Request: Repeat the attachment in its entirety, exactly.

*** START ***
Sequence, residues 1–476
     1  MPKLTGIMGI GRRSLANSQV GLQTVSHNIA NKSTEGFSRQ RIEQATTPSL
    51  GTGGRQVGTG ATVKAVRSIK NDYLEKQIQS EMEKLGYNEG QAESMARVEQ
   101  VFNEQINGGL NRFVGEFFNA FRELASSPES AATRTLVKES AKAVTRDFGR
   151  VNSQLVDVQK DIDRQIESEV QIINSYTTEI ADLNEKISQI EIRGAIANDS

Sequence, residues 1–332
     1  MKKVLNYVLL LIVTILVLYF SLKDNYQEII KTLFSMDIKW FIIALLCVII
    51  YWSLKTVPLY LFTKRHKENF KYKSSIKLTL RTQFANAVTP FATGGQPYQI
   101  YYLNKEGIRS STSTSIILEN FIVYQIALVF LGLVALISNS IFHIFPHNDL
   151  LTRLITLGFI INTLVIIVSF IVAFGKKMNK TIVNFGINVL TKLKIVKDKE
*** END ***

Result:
Sequence, residues 1–476
     1  MPKLTGIMGI GRRSLANSQV GLQTVSHNIA NKSTEGFSRQ RIEQATTPSL
    51  GTGGRQVGTG ATVKAVRSIK NDYLEKQIQS EMEKLGYNEG QAESMARVEQ
   101  VFNEQINGGL NRFVGEFFNA FRELASSPES AATRTLVKES AKAVTRDFGR
   151  VNSQLVDVQK DIDRQIESEV QIINSYTTEI ADLNEKISQI EIRGAIANDS

Sequence, residues 1–332
     1  MKKVLNYVLL LIVTILVLYF SLKDNYQEII KTLFSMDIKW FIIALLCVII
    51  YWSLKTVPLY LFTKRHKENF KYKSSIKLTL RTQFANAVTP FATGGQPYQI
   101  YYLNKEGIRS STSTSIILEN FIVYQIALVF LGLVALISNS IFHIFPHNDL
   151  LTRLITLGFI INTLVIIVSF IVAFGKKMNK TIVNFGINVL TKLKIVKDKE